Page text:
Also, we report the values of the NED parameters for the fifteen white dwarfs shown in Table I, constraining the NED parameter with observables to obtain a traditional behavior shown in literature.

3. NED in galaxy rotation velocities

To complement our analysis we study rotation curves of galaxies at the weak gravitational field limit in order to study NED parameters. We start modeling the halo of the galaxy with the energy density of the NED shown in Eqs. (1) and (2).

Moreover, it is important to notice some important characteristics of NED profile. Implementing an appropriate series expansion of the NED of the order ^{11}. In this context, this density profile is valid only at the center of galaxies. However, PISO density profile is an empirical profile designed for modeling DM in spirals galaxies and it has been applied not only at the center of galaxies but also in the outer spatial regions. Also, it is possible to observe that NED is a particular case of Einasto’s density profile ^{10} (see Eq. (14)) when *n*´ = 0.5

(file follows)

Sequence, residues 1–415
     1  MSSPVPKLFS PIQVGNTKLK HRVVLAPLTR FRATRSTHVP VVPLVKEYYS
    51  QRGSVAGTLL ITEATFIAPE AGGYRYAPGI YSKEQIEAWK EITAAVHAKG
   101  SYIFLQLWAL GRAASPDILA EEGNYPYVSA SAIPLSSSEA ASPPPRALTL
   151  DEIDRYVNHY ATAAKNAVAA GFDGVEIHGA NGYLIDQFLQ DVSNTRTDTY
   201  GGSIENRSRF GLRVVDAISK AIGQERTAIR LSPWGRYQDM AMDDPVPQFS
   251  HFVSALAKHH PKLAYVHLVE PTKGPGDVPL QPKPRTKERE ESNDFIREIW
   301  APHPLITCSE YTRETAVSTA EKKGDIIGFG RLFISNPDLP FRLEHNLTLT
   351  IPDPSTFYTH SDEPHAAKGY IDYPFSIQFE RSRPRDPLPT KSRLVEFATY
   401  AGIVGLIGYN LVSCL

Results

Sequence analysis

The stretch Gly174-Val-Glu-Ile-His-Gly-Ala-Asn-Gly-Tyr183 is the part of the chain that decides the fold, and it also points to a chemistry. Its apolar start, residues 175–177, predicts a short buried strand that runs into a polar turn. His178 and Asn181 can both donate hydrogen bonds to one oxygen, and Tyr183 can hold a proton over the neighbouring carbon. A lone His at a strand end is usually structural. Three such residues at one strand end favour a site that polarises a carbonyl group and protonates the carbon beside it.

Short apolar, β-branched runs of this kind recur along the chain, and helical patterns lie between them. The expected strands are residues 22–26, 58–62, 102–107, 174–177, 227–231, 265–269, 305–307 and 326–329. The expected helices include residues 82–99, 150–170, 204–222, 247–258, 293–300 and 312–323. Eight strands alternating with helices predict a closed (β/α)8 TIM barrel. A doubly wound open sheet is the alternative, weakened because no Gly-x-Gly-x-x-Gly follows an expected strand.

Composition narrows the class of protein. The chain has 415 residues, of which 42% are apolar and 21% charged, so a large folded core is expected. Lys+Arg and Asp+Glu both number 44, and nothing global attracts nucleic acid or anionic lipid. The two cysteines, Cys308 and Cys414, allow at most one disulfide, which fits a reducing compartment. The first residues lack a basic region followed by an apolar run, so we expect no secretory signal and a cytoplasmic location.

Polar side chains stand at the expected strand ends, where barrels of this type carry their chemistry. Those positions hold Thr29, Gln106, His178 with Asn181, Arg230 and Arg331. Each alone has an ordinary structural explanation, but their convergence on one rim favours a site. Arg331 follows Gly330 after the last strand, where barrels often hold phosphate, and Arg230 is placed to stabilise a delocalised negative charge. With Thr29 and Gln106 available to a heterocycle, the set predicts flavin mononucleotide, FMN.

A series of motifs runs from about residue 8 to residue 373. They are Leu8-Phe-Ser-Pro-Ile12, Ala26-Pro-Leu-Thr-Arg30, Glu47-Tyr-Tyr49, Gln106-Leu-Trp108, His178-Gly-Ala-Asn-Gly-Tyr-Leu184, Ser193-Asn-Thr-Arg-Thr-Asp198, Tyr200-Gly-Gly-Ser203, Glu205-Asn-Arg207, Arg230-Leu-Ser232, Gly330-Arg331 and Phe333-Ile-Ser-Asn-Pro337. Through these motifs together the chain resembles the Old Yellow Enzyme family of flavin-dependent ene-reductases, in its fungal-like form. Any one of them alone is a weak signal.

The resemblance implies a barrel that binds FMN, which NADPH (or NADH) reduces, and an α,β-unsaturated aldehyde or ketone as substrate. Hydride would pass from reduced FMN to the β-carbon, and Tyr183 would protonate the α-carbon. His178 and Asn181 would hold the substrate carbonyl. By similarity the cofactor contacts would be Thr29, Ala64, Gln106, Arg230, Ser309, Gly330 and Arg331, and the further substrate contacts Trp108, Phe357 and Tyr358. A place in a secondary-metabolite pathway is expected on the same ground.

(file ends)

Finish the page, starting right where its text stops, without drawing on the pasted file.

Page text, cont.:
where *r*
_{-2} is the radius where the density profile has a slope -2 and *n*' is known as Einasto index which describes the shape of the density profile.

In general, the NED distribution can provide with extra information than other models can not (see for example ^{11}^{,}^{12}^{,}^{13}), mainly due to the advantage that comes naturally from the geometric properties of space-time and it is not just chosen by observations or numerical simulations.